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I notice the following:

  1. I add a ppa using add-apt-repository, for example the wine ppa, mozilla security, nvidia drivers, etc..

  2. When I go to the Update Manager and tell it to CHECK for updates it throws me a PPA error.

  3. To solve the error I add the same PPA again.

Why do I have to add the PPA again (This also can be done by adding the received key alone with apt-key) but why does this problem happen anyway.

UPDATE - I have to add two small details.

First that removing the previous PPA that has the GPG problem and then adding it up again will have the same effect as adding it twice since adding it again (without removing it first) will overwrite the same PPA. But still in the end you would have to add it twice.

Second using the Update Manager (Clicking on the Settings Button and going to the Software Sources) to add the PPA has the same problem as adding it in the terminal. In both cases you have to add it twice. I can confirm this for Nvidia ppa, Mozilla Security ppa, Wine ppa and any other PPA I started trying in 11.10. I have to add that this issue was not a problem in 11.04. It started with 11.10. Somehow there is some minor details that trying to add a PPA the first time does not trigger the key for it. Doing it a second time triggers the key and you can use the Update Manager (or any other updater) without having a warning popup saying something about a PPA problem.

UPDATE 2 - I have tested several PPA. They all have the same problem adding them via the GUI Software Sources or via the terminal add-apt-repository. I have to actually add them, run the update command in terminal or via gui and then add them again to solve the problem. Does not matter from where I add them or update or add them again.

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What error did it showed? and why did you not remove it first update the repos and add it back instead of adding it twice with add-apt-repository but shouldn't matter because it would only get overwritten you'd get something like imported:0 nothing added and what was the PPA? –  Uri Herrera Nov 27 '11 at 18:46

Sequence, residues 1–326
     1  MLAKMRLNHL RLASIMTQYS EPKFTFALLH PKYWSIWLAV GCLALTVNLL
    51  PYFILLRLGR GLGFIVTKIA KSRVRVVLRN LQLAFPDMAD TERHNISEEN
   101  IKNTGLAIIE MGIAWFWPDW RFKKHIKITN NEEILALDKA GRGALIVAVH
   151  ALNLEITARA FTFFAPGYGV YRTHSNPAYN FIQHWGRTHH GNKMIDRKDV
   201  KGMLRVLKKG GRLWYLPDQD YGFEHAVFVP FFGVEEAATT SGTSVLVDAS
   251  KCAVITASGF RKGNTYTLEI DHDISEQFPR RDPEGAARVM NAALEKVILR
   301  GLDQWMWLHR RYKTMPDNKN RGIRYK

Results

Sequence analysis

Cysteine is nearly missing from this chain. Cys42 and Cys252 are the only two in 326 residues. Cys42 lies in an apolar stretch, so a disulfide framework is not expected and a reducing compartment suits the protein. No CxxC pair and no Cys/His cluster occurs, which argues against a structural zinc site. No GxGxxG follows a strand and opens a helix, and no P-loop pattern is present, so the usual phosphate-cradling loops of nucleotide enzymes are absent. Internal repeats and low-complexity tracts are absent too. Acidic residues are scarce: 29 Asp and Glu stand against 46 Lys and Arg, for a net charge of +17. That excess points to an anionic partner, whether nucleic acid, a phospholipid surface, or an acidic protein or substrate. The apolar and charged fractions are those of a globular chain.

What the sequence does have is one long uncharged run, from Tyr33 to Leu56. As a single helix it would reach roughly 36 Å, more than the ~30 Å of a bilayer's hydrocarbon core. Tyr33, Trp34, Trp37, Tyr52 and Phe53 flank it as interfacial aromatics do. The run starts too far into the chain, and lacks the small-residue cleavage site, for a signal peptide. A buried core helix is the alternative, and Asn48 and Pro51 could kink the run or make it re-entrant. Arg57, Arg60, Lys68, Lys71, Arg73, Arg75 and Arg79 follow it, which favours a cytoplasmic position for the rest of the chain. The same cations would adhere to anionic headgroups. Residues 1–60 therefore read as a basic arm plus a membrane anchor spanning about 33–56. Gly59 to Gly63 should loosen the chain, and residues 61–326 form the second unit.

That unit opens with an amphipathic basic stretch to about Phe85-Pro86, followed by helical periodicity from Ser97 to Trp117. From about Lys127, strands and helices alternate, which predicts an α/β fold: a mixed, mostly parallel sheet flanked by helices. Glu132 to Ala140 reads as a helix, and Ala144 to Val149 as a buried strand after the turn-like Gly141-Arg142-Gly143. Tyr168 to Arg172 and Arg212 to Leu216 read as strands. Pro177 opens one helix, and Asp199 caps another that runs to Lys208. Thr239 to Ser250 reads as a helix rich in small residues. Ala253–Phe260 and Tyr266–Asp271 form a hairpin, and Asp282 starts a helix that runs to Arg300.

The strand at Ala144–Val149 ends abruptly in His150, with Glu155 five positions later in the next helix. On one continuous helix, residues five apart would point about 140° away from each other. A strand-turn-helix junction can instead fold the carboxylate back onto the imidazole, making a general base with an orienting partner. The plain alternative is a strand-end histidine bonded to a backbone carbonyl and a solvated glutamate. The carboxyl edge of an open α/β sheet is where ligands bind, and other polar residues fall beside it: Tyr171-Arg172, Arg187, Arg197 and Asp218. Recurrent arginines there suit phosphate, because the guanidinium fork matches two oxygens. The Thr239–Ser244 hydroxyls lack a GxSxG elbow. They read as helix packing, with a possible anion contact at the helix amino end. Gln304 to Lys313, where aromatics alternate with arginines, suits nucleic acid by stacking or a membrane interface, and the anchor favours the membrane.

@Uri - Yes as you mentioned I have also done that. Ends with the same effect, solving the GPG problem BUT in both cases I end it up adding the PPA both times. In this case at least did not have to delete the previous PPA first since it gets overwritten. But still, the question remains about why does it have to be added twice to fix this problem. I will update my question since I also have something to say about using the Update manager as mentioned by david6 below in an answer. –  Luis Alvarado Nov 27 '11 at 23:21

4 Answers 4

up vote 2 down vote accepted

You can fix broken or bad GPG Keys by installing launchpad-getkeys from the WebUpd8 PPA. In terminal use the following commands:

sudo add-apt-repository ppa:nilarimogard/webupd8
sudo apt-get update
sudo apt-get install launchpad-getkeys

Since you seem to be having problems with Update Manager recognizing new PPAs, simply do the above steps without involving the Update Manager. Once you have installed the package, run the following command in your terminal:

sudo launchpad-getkeys

Wait for the program to finish. Your terminal should look similar to this:

enter image description here

As it says, you should have no more problems with missing GPG Keys. This method of fixing your PPA's keys is preferable to adding the same PPA twice, which can cause update problems of its own.

Hope this helps! Haha it's actually the second time today I've answered a question with this fix.

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+1 because that is a very nice program. –  Luis Alvarado Nov 28 '11 at 7:19

When you use the command line, you are the one expected to resolve issues around missing keys, or other warnings and errors.

When you instead use the Update Manager, is will attempt to hide (or resolve) many of the issues that might affect you.